New Kyoto Hotel Seeks to Revolutionize Japanese ‘Capsule Hotel’ Concept

IoT integration and a lobby that doubles as a coworking space bring everyone’s favorite “quirky Japanese experience” to a new level

Press Release updated: Oct 26, 2017 22:14 JST

Global Agents Co., LTD has just announced a new hotel in Kyoto’s bustling Kawaramachi district looks to leave its mark on Japan’s Capsule Hotel culture by integrating technology and social spaces to bring a utilitarian concept into the realm of semi-luxury. With over 150 multi-functional Smart-Pod units spread over 4 floors of prime Kyoto real-estate, THE MILLENNIALS KYOTO provides guests with full control of their personal unit through the integrated iPod touch provided at check-in. These controls correspond to several unique functions, including an alarm system based on bed movement and optional projectors that make use of each unit’s built-in privacy screens. Additionally, the 8th floor lobby doubles as a spacious coworking space for local entrepreneurs, with full office amenities and a lively “Happy Hour” with endless free beer.

The central focus of guests’ experience of The Millennials is its high-tech Smart-Pods, controlled through an in-house app that centralizes all the functions of each guest’s sleeping arrangements. With this intuitive tool, guests can adjust lighting, air-flow, and even the incline of their mattress easily. Of particular note is the unique, soundless alarm system slowly raises guests to a seated position along with steadily brighter lights, enabling guests to wake up bright and early without disturbing their neighbors. For pods equipped with projectors, guests can connect their personal devices to watch any of their favorite programming in their own private theater. Each unit comes with underbed storage for luggage and can be locked for those staying consecutive nights. Every floor also includes completely private individual shower booths for guests, and free Wi-Fi throughout.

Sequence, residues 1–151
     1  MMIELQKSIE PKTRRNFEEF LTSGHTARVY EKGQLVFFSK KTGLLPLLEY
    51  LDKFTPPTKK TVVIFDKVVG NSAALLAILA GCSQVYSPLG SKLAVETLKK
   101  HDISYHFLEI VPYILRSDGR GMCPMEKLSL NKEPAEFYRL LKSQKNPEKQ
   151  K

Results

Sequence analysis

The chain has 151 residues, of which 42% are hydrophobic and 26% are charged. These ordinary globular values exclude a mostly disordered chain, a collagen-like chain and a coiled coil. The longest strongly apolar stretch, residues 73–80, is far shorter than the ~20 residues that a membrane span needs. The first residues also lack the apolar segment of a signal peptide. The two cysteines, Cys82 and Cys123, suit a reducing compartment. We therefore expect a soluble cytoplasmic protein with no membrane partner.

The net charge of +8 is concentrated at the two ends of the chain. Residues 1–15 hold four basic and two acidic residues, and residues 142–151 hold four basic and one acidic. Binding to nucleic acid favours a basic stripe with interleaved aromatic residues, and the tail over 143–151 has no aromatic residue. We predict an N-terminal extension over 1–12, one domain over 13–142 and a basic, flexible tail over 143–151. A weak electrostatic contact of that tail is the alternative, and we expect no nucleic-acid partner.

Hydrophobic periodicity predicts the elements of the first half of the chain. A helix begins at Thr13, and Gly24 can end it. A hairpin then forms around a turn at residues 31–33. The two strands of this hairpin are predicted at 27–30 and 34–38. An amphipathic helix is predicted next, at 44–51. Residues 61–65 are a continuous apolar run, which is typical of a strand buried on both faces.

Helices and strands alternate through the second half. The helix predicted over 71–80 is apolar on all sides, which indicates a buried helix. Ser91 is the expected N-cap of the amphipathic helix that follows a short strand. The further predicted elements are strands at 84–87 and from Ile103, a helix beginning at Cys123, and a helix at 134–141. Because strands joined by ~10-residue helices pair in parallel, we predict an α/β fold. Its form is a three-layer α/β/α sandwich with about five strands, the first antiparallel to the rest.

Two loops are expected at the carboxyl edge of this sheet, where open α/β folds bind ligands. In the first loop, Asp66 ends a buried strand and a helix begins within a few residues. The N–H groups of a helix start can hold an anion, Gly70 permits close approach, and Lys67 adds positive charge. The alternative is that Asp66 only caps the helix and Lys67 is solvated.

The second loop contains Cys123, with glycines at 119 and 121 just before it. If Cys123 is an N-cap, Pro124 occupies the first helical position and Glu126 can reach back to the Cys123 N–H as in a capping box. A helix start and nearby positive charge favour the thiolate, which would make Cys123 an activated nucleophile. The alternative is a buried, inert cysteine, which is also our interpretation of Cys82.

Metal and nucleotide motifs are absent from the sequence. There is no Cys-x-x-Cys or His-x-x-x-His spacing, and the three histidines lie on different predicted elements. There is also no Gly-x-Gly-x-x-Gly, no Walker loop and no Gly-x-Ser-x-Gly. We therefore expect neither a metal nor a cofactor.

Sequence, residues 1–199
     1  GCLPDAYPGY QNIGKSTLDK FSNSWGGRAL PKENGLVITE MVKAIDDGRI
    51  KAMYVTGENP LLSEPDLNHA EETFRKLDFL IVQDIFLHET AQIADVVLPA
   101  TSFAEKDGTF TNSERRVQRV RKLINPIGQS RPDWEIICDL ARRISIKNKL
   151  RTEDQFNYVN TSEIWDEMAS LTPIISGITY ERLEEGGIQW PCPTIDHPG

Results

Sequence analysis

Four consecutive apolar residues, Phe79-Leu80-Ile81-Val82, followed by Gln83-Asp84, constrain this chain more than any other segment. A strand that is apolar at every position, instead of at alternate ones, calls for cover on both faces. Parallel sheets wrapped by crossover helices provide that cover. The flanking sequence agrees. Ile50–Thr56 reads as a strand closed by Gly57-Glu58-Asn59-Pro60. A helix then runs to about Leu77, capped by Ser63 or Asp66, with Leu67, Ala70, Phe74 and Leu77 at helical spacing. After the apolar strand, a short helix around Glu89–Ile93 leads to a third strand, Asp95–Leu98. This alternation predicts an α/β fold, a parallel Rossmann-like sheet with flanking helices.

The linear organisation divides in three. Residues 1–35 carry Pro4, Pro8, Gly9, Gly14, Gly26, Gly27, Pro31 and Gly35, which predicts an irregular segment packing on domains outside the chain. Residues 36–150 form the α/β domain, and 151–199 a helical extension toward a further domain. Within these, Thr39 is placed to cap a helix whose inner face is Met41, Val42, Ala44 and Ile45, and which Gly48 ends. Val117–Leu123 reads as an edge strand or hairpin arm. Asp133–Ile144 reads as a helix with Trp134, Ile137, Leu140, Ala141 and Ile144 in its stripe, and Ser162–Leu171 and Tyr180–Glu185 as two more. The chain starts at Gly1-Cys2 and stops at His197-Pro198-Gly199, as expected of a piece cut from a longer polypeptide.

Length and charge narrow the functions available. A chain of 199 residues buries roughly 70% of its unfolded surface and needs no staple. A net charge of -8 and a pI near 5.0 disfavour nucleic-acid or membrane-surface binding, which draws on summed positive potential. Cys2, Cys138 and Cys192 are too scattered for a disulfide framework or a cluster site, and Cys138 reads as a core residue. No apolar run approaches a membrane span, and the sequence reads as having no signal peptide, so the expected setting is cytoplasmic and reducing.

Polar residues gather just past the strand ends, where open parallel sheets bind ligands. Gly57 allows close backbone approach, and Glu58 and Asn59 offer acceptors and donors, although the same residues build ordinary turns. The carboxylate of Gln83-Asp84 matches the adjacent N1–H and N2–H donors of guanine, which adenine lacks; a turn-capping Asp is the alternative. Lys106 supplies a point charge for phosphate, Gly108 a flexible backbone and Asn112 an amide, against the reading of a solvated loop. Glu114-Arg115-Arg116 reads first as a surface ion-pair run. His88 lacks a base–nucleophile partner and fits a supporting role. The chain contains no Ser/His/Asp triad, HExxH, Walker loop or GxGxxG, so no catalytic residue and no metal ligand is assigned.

The 8th floor lobby of the complex doubles as a stylish coworking space, with full meeting rooms, private phone booths, and a common kitchen for guests and members to cook simple meals during their stay. With an open-concept design, this lobby area focuses on encouraging interaction between travelers and local entrepreneurs, in a lifestyle complex dubbed “andwork.” All users of this community space have free access to unlimited coffee, and a daily happy hour provides free draft beer every day from 5:30 p.m. to 6:30 p.m.

Our goal with The Millennials is to go beyond what people have come to expect from this type of hotel and create a new option for today’s customer who wants both affordability & style.

Takeshi Yamasaki, CEO of Global Agents

The Millennials is the latest hotel from Japanese developer Global Agents, whose CEO Takeshi Yamasaki notes that “our goal with The Millennials is to go beyond what people have come to expect from this type of hotel, and create a new option for today’s customer who wants both affordability and style.” Global Agents have seen great success in the Tokyo market with their Social Apartment brand of co-living arrangements and plan to open another branch of The Millennials in Tokyo’s trendy Shibuya district next year.

For more information, contact:
Zacharie Coskun – Global Agents
[email protected]
+81-3-6433-5792

Source: Global Agents Co., LTD

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About the Author: Carrie Brunner

Carrie Brunner grew up in a small town in northern New Brunswick. She studied chemistry in college, graduated, and married her husband one month later. They were then blessed with two baby boys within the first four years of marriage. Having babies gave their family a desire to return to the old paths – to nourish their family with traditional, homegrown foods; rid their home of toxic chemicals and petroleum products; and give their boys a chance to know a simple, sustainable way of life. They are currently building a homestead from scratch on two little acres in central Texas. There’s a lot to be done to become somewhat self-sufficient, but they are debt-free and get to spend their days living this simple, good life together with their five young children. Carrie writes mostly on provincial stories.
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